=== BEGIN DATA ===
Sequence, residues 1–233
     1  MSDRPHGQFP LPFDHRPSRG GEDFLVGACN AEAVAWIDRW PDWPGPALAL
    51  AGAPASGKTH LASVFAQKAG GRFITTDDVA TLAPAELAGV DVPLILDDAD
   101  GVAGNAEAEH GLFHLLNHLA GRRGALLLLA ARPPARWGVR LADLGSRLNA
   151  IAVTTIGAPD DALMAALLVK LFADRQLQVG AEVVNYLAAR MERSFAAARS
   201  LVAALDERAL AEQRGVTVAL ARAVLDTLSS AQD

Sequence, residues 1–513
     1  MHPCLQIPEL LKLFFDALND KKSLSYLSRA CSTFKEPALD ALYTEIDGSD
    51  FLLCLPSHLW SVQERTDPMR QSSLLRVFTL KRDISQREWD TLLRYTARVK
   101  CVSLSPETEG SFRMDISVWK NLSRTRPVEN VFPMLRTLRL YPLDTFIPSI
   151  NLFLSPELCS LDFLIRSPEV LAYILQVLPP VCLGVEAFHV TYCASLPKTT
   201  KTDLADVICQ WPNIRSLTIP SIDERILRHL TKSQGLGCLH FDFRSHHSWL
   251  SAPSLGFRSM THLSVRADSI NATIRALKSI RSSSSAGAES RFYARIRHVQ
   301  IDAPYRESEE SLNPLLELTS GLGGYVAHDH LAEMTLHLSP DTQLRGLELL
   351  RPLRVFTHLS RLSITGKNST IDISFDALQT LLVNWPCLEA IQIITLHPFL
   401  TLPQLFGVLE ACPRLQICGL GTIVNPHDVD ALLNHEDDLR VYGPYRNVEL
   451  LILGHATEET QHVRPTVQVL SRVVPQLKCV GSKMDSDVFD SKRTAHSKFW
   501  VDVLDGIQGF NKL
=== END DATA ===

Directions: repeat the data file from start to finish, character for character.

Sequence, residues 1–233
     1  MSDRPHGQFP LPFDHRPSRG GEDFLVGACN AEAVAWIDRW PDWPGPALAL
    51  AGAPASGKTH LASVFAQKAG GRFITTDDVA TLAPAELAGV DVPLILDDAD
   101  GVAGNAEAEH GLFHLLNHLA GRRGALLLLA ARPPARWGVR LADLGSRLNA
   151  IAVTTIGAPD DALMAALLVK LFADRQLQVG AEVVNYLAAR MERSFAAARS
   201  LVAALDERAL AEQRGVTVAL ARAVLDTLSS AQD

Sequence, residues 1–513
     1  MHPCLQIPEL LKLFFDALND KKSLSYLSRA CSTFKEPALD ALYTEIDGSD
    51  FLLCLPSHLW SVQERTDPMR QSSLLRVFTL KRDISQREWD TLLRYTARVK
   101  CVSLSPETEG SFRMDISVWK NLSRTRPVEN VFPMLRTLRL YPLDTFIPSI
   151  NLFLSPELCS LDFLIRSPEV LAYILQVLPP VCLGVEAFHV TYCASLPKTT
   201  KTDLADVICQ WPNIRSLTIP SIDERILRHL TKSQGLGCLH FDFRSHHSWL
   251  SAPSLGFRSM THLSVRADSI NATIRALKSI RSSSSAGAES RFYARIRHVQ
   301  IDAPYRESEE SLNPLLELTS GLGGYVAHDH LAEMTLHLSP DTQLRGLELL
   351  RPLRVFTHLS RLSITGKNST IDISFDALQT LLVNWPCLEA IQIITLHPFL
   401  TLPQLFGVLE ACPRLQICGL GTIVNPHDVD ALLNHEDDLR VYGPYRNVEL
   451  LILGHATEET QHVRPTVQVL SRVVPQLKCV GSKMDSDVFD SKRTAHSKFW
   501  VDVLDGIQGF NKL